Woke up, swam, ate…somehow, this feeling of deja vu

We loaded up and got on Cerillios headed south — a.k.a. Highway 14. This is a very cool little road with lots of great scenery and some small mountain towns with some art shops (don’t know as I’d call them galleries) along the road. We turned right onto Highway 536, drove about a mile and a half, and ended up at Tinkertown.

Now, maybe it’s just my childhood. Vacation meant driving from our farm in the Middle of Nowhere, South Dakota, to Rapid City. We were allowed to stop in one of three places:

  1. Al’s Oasis.
  2. Wall Drug.
  3. That one place with all the prairie dogs.

We might stop at the Badlands every once in a while, but that was a destination in and of itself. And in Rapid City, we would hit up every damn tourist stop we could get hold of, from the dinosaur park to Storybook Island.

I’ve always loved tourist stops. My all-time favorite has been The House on the Rock. But Tinkertown is quite nice, too. A guy named Ross Ward built a house almost entirely from bottles, taking care to select all shades, from dusky browns to shimmering sea-greens. Then he filled it with a lot of stuff, including his brother’s (I think) boat, after it had sailed around the world for ten years. This theme of some guy just up and building some weird house and filling it up with stuff seems to resonate with me. Maybe that’s why I like our house so much.

Anyway, after Tinkertown, we drove down Highway 14 to Albuquerque and followed the signs to the Bio Park. For the same price that it takes to get into the Cheyenne Mountain Zoo, we bought combo passes to the zoo, aquarium, botanic garden…


Now, the whole train setup is bad. You get on the zoo train, which takes you to the place where you need to get on the Bio Park train, but you can’t get off on that stop. Can’t. No, really, can’t. Why, I have no idea. But you can’t.

The guide recommended we go over to the aquarium and work our way back to the zoo, because the Bio Park train stops 45 minutes before the zoo closes. Whoever organizes these trains must be related to those creeps from The Castle. Nevertheless.

So we rode the zoo train. Pretty cool, pretty cool. Then we walked the exact same route over to the Bio Park train, passing by the gigantor McDonald’s-style jungle gym and promising to return later. The train to the rest of the park goes under highways (tunnels!) and past a fishin‘ hole. Again with the trains: you drive past your stop, go on for another five minutes, circle around, and come back to your stop, where, finally, you may disembark.

I didn’t mind so much; the extended route meant we got to go past the place they’re building the Japanese garden. They’re pretty far along, but I can’t wait to see it in a more-or-less finished form.

The aquarium was fun, but I don’t remember much of it…because after that we went into the Botanic Garden. The first thing you come across is the Children’s Fantasy Garden. The outside, complete with a giant, ivy-covered dragon, reminded me almost painfully of Storybook Island. The inside had the same feel, with a slightly different theme: instead of gigantic storybook characters, it was gigantic plants and animals. Very Alice-in-Wonderlandy. Highlights include a maze made out of anthills, a giant garden with a hole-through-the-redwood-style carrot, a sandpit filled with enormous worms…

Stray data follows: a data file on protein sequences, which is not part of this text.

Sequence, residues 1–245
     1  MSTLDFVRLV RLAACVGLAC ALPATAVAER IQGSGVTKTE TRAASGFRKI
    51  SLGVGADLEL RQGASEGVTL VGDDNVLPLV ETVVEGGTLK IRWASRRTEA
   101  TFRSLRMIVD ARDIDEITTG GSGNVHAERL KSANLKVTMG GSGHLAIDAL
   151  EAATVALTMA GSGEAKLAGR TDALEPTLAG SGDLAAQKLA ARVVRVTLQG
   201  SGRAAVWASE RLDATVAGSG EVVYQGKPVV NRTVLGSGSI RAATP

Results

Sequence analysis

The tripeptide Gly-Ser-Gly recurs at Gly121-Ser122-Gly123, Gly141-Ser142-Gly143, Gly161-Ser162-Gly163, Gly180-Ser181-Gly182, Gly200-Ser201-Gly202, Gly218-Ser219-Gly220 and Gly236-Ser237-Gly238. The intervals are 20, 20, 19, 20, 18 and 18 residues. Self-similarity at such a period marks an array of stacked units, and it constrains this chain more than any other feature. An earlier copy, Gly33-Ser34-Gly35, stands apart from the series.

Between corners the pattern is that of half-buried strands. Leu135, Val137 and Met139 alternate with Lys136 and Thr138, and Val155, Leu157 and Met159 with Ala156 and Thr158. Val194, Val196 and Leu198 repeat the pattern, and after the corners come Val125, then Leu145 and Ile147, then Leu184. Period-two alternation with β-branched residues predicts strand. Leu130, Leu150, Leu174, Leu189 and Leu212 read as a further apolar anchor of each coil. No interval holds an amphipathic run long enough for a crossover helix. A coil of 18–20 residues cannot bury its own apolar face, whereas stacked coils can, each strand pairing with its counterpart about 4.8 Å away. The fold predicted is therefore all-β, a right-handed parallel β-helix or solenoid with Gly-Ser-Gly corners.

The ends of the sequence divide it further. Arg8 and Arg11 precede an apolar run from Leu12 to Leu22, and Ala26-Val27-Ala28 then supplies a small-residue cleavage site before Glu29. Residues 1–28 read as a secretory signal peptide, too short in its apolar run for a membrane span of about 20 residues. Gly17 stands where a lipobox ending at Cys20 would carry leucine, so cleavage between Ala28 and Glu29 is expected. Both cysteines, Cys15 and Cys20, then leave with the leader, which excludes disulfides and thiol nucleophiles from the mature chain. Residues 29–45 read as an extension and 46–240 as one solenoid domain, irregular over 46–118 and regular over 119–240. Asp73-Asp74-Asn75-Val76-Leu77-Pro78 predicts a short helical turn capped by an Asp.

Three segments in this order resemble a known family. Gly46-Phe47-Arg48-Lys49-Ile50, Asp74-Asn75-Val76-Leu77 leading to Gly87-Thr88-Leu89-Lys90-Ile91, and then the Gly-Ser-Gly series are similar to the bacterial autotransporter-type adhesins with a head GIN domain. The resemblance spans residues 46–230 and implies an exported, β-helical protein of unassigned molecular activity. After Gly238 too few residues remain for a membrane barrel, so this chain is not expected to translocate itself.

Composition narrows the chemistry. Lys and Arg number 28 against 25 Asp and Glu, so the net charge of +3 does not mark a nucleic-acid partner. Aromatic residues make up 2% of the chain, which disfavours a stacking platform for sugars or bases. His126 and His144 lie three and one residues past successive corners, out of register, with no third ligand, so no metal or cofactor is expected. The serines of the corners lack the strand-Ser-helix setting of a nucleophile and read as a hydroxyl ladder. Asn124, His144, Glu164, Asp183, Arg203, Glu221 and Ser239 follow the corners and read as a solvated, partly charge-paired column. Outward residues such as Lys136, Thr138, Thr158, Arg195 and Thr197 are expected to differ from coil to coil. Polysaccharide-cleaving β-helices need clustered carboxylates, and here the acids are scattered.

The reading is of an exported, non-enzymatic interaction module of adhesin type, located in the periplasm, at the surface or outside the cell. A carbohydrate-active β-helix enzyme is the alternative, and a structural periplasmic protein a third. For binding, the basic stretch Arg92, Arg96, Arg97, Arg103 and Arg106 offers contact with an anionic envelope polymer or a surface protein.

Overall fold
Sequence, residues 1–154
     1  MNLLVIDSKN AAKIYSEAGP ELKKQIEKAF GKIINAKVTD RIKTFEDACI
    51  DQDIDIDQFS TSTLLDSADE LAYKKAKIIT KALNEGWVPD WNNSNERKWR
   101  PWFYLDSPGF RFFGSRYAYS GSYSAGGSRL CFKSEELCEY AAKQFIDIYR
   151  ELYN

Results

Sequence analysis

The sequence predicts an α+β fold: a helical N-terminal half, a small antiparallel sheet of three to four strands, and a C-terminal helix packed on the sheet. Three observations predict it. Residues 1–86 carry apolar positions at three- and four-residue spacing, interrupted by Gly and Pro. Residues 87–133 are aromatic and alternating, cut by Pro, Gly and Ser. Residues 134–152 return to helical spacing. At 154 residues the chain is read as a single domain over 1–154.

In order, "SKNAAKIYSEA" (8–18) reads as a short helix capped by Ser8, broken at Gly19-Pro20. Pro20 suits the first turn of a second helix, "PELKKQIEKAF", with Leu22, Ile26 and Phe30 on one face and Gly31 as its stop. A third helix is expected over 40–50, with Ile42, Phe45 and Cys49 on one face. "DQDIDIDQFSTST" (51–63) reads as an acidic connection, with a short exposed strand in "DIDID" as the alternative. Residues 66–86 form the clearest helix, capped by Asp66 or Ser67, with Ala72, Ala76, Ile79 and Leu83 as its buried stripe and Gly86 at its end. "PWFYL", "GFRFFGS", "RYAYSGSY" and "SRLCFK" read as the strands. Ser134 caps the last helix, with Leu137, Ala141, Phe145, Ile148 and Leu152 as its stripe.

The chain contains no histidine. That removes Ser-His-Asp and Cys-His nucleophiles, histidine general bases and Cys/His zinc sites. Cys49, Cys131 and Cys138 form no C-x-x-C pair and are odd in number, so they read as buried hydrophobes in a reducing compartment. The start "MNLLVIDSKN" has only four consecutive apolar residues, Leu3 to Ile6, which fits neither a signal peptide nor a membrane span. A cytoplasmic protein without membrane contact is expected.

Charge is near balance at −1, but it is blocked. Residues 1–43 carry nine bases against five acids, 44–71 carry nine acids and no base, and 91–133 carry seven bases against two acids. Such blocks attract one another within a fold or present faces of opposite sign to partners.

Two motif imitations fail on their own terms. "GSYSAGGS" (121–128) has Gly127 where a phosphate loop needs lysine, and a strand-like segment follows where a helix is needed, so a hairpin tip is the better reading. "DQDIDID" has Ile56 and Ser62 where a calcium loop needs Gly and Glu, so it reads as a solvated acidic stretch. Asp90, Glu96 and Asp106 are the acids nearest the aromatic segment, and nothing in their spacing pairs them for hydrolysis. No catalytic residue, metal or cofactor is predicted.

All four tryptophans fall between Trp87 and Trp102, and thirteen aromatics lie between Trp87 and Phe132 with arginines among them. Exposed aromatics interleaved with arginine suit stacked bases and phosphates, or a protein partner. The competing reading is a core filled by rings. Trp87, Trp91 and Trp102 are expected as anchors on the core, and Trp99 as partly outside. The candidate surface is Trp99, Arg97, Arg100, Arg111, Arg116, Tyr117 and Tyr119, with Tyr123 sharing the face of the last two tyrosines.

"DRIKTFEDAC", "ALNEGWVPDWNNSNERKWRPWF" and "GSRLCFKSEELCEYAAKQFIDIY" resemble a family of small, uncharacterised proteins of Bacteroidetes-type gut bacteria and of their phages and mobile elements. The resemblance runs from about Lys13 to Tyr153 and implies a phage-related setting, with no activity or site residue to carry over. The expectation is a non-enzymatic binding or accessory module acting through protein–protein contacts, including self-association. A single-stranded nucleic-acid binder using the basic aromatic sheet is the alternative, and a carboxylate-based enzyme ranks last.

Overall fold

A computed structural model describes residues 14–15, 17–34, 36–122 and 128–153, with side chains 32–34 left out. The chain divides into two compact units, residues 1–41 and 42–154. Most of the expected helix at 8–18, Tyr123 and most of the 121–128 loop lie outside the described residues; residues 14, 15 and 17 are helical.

We decided we had to take a break for food at an almost ridiculous time and ate at the Shark Reef Cafe, which lived up to its name: an entire wall was filled with an aquarium, complete with a shark with hillbilly teeth and a giant sea turtle, as well as numerous fish and a sunken riverboat. Why a riverboat? I don’t know; it looked cool. Also, there was real food to eat: something of a rarity when it comes to food at a zoo.

We went back to the botanic garden, where we played hide and seek (they didn’t forget to add a huge grassy area with no “keep off the grass” signs), wandered around while I played Georgia O’Keefe with some cool calla lilies inside a split glass pyramid, discovered frogs in the bog, and commiserated that the butterfly pavilion wouldn’t be open until the end of May.

We almost didn’t want to go back to the zoo, but go back to the zoo we did. Ray played and played on the gym, only stopping when I kicked her out due to rain (which stopped five minutes later, but I wouldn’t let her go back in). We watched the sea lions chase after their fish lunch, scoped out the polar bear and decided the waterfall was smooth enough to use for a water slide, and…were exhausted.

We left when they kicked us out and would go back in a heartbeat.

The drive out of Albuquerque was…difficult. Traffic had backed up on the one road I located that looked like it connected to the Interstate–the one that led straight through Old Town. Several people had recommended we stop there, but driving through, it looked like…well, boring. Shops, bars (one notable one where the street was completely lined with bikers), more shops…meh.

Ray slept from the time we got out of the zoo until Santa Fe.

We ended up eating at this teppan Japanese place on Cerillios called Osaka. The chefs at the table across from ours was a lot of fun–and Hispanic-looking. The one at our table wasn’t nearly as exciting, but executed the flaming onion volcano with much more skill. [Insert clapping here.] I kept expecting them to face off, Iron Chef style, but you know, that just never happens in real restaurants. Oh, sigh.

Swam some more…

I dreamed about gardens all night long.